Investors increase Treasuries holdings in week: survey

NEW YORK Wed Oct 10, 2012 11:01am EDT

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NEW YORK (Reuters) - Investors were more optimistic on the outlook for U.S. Treasury debt prices in the latest week as worries over the outcome of Europe's debt crisis supported safe-haven buying of U.S. government debt, a survey released on Wednesday showed.

The share of investors who said on Tuesday they were "long" on Treasuries, or holding more federal debt than their portfolio benchmarks, rose to 21 percent from 17 percent the prior week, J.P. Morgan Securities said on Wednesday in its weekly Treasury client survey.

Worries over contagion from Europe's credit crisis, along with concern over the sluggish pace of U.S. and global growth, appeared to be moving investors from neutral into long positions.

The share of investors who said they were "neutral" U.S. government debt, or holding Treasuries equal to their portfolio benchmarks, dipped to 64 percent from 68 percent last week.

The share of investors who were "short", or holding fewer Treasuries than their benchmarks, was unchanged on the week at 15 percent, according to the latest J.P. Morgan survey.

Benchmark 10-year Treasury notes on Wednesday were trading with a yield of 1.75 percent, not far off the record low of 1.38 percent touched on July 25.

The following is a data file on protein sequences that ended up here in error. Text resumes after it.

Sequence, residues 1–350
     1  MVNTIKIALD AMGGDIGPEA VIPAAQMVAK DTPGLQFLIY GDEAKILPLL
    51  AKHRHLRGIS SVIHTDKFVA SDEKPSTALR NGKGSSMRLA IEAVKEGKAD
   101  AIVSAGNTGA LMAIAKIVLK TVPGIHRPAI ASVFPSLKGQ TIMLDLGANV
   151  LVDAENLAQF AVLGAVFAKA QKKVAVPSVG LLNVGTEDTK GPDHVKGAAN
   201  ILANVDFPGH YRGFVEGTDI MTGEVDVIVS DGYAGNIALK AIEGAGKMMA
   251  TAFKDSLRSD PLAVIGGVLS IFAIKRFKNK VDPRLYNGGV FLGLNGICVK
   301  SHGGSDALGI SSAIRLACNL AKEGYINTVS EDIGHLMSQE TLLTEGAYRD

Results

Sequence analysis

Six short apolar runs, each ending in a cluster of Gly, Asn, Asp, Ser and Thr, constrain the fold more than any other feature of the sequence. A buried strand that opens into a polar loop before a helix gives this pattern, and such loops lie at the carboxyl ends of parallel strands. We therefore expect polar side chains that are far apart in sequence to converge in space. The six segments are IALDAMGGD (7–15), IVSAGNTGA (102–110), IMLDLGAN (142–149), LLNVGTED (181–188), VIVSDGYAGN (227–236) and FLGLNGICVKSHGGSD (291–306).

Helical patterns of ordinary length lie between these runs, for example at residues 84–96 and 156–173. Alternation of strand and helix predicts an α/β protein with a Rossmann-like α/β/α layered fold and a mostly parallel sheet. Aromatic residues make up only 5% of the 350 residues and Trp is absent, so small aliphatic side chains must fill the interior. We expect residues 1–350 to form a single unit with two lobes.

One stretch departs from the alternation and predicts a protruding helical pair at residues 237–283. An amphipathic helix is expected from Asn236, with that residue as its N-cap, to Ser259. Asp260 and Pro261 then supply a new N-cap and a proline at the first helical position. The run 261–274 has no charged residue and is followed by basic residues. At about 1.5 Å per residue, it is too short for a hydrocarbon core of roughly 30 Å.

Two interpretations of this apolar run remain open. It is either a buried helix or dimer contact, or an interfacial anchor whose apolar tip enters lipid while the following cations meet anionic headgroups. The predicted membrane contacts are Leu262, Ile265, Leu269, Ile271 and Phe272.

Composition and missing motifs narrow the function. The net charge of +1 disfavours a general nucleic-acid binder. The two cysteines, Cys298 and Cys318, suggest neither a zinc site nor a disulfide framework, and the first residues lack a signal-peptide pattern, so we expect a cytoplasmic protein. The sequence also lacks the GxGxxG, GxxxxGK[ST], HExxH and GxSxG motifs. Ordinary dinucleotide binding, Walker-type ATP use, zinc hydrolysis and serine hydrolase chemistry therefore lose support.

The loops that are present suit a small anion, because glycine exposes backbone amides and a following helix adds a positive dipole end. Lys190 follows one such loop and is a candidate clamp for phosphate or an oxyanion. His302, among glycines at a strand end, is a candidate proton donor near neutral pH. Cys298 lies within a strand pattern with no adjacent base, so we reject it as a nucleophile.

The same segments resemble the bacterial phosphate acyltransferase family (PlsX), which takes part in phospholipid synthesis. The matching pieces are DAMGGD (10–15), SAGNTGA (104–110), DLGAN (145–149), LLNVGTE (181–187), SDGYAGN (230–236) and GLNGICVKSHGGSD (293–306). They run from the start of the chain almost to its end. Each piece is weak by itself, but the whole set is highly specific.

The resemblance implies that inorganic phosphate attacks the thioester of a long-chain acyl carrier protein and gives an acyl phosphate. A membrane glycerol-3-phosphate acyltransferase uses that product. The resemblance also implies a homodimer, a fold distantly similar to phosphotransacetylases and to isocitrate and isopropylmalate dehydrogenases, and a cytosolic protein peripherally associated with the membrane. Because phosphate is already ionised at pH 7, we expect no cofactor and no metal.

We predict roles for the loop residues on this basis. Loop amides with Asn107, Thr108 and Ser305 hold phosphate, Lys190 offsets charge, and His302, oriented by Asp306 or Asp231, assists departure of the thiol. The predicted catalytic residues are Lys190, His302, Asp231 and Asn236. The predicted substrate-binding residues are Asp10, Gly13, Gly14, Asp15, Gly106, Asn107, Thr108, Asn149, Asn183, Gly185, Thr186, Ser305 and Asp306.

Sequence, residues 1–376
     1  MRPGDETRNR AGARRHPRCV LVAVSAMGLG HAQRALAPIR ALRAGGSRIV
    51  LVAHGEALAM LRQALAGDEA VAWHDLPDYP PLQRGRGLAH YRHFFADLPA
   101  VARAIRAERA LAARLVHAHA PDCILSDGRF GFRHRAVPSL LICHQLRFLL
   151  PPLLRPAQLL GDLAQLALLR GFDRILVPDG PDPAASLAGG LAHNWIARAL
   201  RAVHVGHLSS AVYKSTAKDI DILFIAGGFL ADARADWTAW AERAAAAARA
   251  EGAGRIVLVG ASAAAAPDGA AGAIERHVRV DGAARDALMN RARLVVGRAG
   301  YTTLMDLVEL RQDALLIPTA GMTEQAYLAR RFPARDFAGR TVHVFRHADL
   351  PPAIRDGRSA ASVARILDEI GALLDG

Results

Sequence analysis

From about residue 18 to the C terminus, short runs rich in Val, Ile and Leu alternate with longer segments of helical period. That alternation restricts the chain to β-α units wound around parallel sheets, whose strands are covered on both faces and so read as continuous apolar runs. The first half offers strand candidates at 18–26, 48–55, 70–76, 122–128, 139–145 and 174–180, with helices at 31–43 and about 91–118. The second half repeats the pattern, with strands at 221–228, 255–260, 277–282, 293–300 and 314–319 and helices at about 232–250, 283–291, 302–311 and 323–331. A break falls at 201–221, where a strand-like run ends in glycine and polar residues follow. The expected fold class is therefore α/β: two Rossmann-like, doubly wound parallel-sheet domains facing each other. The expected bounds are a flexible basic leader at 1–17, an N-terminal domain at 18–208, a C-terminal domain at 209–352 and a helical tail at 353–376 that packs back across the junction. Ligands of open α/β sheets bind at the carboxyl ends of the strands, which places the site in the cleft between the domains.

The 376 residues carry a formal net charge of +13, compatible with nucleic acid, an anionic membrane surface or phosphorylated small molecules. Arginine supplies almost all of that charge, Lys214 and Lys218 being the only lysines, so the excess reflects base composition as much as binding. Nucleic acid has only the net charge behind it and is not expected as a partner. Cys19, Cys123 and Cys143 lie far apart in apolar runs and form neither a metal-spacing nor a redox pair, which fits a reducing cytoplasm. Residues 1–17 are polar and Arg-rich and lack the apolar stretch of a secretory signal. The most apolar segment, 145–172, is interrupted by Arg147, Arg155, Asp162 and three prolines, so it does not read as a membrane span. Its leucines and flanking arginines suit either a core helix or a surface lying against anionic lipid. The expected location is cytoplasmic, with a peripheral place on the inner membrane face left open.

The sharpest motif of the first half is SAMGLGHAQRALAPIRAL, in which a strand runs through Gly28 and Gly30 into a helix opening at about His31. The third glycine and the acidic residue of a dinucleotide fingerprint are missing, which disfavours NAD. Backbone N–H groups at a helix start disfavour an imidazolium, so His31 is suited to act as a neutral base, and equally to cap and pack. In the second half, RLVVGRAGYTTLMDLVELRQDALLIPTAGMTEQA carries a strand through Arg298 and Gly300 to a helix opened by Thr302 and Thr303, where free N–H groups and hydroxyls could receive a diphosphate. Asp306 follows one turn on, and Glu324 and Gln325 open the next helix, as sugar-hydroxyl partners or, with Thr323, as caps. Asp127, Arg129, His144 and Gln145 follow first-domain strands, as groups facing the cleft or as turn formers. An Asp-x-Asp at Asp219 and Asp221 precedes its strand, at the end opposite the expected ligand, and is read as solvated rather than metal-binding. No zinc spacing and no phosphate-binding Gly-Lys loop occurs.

IMF STOKES CONCERNS

The concern over European debt problems was stoked this week by an outlook from the International Monetary Fund, which downgraded its expectations for global economic growth and said the euro area is likely to contract this year. It also called the euro zone debt crisis the biggest risk to the world's financial health.

In the latest J.P. Morgan survey, active clients including market makers and hedge funds, who are viewed as taking on speculative bets in Treasuries, increased their long positions to 23 percent from 15 percent the previous week.

The share of these investors who said they were short Treasuries rose to 31 percent from 23 percent the previous week.

The percentage of active traders who were neutral fell to 46 percent from 62 percent last week.

(Reporting by Chris Reese; Editing by Theodore d'Afflisio)

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